For the first time in a long time I’m not entering the New Year with a list of resolutions. My decision to avoid the typical New Year goal setting—to lose weight, to save money, to read and write more, to be better at X, Y, and Z—is inspired by the simple fact that resolutions have never really worked for me. I’m not sure I’ve ever successfully followed through with a New Year’s resolution. In reality, I feel like they’ve done more harm than good. More often than not they’ve lead to frustration and guilt, and I’m sick and tired of being frustrated and guilty. I’m ready to try something different.
I believe my personal failures with resolutions exist in the approach. Change and growth, in my experience, are much more complicated than making a decision and applying all of my will power to making it so. I’ve learned this through my experience with addiction, and it’s been reinforced by countless decisions and failure to change this or that in my life. The problem with the equation [decision + will power= change] is that my actions and ways of being are backed by a big mess of assumptions, belief systems, emotions, and unconscious responses to my daily experiences that add a significant amount of complexity to the equation of change. This does not mean that change is impossible. As people in recovery, we know this isn’t true. What it means is that change requires a more nuanced process, and perhaps a bit more work.
When I look closely at the biggest change I’ve ever made, which was undoubtedly moving from addiction to recovery, it’s clear to me that this process was a lot more complex than a decision and will power. The reason it took me six years of relapse instead of one decision and a good push of will power is that in order to achieve sustained recovery, I had to spend time getting to the heart of my condition—my assumptions, my belief systems, the complexity of my trauma, my emotional instability, etc. Recovery became possible only once I’d dismantled and examined what was backing my actions and ways of being, and the suffering of addiction brought me to a place where I began to look deeper. Essentially, the pain of addiction forced me to take a closer look at what was beneath my behavior.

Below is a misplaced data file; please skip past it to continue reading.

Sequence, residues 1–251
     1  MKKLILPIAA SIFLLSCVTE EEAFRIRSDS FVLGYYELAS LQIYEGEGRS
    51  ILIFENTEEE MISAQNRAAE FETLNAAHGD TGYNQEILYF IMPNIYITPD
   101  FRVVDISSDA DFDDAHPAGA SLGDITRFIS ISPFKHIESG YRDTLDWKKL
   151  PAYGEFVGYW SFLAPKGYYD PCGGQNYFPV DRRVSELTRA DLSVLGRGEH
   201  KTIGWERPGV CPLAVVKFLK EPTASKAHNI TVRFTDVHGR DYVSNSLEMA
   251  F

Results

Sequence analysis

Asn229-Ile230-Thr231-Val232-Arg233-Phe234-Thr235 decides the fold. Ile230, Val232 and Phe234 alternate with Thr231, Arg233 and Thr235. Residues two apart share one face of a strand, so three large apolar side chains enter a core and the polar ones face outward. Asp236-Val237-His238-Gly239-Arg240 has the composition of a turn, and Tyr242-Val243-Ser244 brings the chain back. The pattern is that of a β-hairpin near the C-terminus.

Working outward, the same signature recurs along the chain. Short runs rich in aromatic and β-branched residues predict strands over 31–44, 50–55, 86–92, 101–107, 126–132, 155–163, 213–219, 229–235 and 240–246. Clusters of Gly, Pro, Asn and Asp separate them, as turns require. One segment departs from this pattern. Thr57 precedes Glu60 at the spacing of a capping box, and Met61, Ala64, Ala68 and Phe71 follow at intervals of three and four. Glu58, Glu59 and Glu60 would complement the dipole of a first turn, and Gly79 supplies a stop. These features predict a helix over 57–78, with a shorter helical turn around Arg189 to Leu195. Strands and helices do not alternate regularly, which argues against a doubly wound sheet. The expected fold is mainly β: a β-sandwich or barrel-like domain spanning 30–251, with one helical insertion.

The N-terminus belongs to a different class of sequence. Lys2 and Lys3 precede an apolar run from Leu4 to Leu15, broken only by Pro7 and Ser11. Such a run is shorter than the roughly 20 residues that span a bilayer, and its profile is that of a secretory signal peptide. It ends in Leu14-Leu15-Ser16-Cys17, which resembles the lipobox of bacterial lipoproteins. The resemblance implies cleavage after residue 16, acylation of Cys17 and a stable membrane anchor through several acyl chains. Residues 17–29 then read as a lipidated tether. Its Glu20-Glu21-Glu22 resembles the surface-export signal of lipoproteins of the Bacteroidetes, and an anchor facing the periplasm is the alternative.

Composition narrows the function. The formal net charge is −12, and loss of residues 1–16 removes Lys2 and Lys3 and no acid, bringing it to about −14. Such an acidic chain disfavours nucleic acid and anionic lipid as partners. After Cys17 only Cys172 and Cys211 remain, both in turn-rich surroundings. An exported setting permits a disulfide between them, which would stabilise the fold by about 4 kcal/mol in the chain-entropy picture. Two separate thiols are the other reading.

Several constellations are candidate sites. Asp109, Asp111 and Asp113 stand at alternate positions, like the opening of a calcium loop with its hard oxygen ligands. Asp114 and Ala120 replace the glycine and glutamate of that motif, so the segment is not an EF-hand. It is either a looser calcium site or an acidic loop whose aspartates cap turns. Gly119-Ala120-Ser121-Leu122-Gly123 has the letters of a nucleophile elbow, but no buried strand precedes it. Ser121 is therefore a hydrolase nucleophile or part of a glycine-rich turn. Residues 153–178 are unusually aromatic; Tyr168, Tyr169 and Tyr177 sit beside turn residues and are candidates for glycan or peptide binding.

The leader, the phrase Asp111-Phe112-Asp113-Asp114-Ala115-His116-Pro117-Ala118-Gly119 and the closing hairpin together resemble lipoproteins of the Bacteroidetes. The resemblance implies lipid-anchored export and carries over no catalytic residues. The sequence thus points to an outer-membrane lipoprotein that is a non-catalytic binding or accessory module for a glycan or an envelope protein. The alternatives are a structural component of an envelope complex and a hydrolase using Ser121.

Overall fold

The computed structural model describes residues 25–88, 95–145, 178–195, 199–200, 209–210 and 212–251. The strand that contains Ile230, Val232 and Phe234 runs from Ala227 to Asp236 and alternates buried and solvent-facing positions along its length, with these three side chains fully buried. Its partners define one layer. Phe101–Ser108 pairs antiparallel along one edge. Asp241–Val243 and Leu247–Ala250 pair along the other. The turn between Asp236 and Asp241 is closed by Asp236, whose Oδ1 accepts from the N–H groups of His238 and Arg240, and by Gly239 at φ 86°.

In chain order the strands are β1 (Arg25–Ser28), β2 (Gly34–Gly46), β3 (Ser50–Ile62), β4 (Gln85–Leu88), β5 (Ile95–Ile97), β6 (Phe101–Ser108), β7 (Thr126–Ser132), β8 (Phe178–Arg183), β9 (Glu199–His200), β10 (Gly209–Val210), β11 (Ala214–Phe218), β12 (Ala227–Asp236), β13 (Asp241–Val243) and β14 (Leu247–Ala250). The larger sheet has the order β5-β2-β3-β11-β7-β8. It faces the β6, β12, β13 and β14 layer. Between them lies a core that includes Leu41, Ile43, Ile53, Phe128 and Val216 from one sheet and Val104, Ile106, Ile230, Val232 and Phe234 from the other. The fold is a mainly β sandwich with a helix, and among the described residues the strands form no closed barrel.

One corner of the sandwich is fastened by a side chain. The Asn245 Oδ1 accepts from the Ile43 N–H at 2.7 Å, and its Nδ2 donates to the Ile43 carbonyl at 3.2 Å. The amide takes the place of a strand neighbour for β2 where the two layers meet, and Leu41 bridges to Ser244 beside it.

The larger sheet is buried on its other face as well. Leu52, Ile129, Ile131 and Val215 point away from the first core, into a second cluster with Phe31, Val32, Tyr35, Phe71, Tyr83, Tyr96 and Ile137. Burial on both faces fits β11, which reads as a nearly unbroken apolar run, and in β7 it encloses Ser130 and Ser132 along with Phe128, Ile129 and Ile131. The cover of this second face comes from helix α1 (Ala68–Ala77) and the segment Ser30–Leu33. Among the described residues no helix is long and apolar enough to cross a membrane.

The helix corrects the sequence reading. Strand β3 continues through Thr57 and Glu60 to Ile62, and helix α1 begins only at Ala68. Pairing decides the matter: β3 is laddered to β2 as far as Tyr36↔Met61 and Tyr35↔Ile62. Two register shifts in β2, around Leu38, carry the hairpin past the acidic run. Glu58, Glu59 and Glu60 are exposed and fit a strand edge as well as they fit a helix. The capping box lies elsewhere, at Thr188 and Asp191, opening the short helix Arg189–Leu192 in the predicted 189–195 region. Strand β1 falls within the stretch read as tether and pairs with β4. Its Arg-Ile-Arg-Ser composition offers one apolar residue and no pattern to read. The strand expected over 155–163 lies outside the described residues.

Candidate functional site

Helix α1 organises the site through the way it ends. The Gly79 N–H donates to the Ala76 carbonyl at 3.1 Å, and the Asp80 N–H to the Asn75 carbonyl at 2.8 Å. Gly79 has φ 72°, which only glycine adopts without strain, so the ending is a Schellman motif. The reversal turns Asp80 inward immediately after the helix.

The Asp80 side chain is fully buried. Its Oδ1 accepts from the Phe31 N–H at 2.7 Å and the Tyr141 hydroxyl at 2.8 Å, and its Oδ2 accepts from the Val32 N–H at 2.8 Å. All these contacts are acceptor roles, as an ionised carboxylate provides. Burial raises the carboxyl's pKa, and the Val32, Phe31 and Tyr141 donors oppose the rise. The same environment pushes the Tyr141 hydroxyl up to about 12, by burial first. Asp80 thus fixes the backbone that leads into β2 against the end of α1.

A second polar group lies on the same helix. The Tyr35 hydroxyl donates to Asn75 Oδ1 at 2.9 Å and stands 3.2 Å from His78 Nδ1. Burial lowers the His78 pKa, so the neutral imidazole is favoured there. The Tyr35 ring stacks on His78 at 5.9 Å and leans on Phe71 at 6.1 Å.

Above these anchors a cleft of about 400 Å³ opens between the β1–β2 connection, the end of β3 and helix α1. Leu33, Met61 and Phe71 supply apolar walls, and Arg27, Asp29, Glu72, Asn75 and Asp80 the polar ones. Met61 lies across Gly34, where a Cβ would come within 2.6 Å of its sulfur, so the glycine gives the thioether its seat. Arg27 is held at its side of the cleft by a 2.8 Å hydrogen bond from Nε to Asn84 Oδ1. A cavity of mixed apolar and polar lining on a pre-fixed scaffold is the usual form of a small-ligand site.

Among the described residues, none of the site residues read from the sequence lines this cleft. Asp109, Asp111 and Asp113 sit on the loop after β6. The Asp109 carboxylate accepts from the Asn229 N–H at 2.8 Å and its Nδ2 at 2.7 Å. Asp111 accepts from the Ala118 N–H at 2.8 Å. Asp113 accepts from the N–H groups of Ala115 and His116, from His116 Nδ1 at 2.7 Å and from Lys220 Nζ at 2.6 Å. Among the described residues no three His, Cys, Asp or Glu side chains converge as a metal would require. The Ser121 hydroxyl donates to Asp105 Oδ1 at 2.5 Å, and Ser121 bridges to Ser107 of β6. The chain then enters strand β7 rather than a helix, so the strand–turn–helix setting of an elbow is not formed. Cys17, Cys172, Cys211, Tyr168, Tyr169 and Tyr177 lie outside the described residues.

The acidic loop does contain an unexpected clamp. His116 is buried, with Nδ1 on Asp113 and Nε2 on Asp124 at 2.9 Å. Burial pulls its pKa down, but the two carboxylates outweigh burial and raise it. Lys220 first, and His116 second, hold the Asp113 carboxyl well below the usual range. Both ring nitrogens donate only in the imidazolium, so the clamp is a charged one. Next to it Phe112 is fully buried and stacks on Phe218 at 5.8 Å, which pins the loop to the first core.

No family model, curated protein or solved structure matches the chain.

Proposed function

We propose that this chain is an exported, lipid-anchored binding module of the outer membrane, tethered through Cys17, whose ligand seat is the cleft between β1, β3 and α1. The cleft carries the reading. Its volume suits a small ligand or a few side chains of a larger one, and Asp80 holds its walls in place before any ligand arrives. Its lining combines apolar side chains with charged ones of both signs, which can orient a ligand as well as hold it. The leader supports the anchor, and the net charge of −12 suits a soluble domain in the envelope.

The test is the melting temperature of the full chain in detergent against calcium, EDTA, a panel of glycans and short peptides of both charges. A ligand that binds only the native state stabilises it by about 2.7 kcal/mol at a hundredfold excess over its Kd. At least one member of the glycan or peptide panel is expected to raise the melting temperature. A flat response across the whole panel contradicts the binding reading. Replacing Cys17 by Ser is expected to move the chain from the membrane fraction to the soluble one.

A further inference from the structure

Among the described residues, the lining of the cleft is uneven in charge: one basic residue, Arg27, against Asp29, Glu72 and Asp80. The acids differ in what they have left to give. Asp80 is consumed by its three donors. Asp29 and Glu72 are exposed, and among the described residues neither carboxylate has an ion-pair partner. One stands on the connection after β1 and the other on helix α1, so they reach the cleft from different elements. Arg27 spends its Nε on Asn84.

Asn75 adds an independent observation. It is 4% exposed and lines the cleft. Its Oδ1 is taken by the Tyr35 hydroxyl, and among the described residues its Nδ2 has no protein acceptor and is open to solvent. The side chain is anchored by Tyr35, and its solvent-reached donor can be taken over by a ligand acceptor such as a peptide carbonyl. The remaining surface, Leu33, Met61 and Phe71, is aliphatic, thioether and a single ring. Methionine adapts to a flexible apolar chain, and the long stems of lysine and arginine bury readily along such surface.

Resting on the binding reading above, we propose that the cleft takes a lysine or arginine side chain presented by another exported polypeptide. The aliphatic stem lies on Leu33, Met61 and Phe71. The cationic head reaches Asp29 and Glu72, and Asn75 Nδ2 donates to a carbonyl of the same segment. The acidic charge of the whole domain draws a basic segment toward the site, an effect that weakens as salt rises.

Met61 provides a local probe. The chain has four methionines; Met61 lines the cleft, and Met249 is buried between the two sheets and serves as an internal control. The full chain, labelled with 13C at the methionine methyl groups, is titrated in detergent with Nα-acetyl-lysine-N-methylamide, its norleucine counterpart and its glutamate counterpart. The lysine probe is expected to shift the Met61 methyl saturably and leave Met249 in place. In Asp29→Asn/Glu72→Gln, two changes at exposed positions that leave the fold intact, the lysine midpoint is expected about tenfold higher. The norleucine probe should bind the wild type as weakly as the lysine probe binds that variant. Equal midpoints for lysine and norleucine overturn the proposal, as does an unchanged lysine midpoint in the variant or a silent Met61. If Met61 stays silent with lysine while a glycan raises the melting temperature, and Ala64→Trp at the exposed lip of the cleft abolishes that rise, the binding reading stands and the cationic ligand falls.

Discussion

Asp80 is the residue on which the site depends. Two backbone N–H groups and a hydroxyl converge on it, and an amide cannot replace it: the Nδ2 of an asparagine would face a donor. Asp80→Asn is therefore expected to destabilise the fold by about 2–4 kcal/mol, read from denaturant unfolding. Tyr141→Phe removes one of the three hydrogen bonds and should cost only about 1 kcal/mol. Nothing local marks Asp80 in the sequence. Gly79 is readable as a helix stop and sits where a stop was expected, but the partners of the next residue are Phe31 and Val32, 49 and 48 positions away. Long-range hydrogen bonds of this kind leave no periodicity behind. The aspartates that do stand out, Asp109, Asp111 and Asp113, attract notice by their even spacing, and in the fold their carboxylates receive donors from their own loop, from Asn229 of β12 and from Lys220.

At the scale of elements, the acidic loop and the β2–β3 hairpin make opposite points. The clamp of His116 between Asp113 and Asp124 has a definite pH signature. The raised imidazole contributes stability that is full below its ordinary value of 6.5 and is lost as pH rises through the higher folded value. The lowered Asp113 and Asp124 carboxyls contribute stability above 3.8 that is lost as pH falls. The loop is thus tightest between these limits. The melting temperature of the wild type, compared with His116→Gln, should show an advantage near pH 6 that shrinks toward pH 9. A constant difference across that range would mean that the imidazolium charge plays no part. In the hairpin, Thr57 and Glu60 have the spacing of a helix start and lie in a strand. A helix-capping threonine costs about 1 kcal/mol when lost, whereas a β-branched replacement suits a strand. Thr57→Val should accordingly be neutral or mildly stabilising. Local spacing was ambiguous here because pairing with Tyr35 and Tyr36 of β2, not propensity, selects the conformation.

It’s still true for me that suffering is a great motivator for change because it encourages me to do the actual work of getting to the heart. Unfortunately, it’s not an effective process of change. It’s not the easier path to take. Along with the deeper understanding of change I’ve developed in recovery, I’m learning that I don’t need to run my life into the ground in order to make changes. I don’t need to suffer to the extent I once did in order to change.
Instead, I need to begin asking myself the right questions, and I need to be honest about the answers.
The right questions make it possible for me to get to the underbelly of whatever behavior is causing trouble in my life. To change a given behavior, I need some clarity around what drives it. Here’s a simple little example of what it might look like: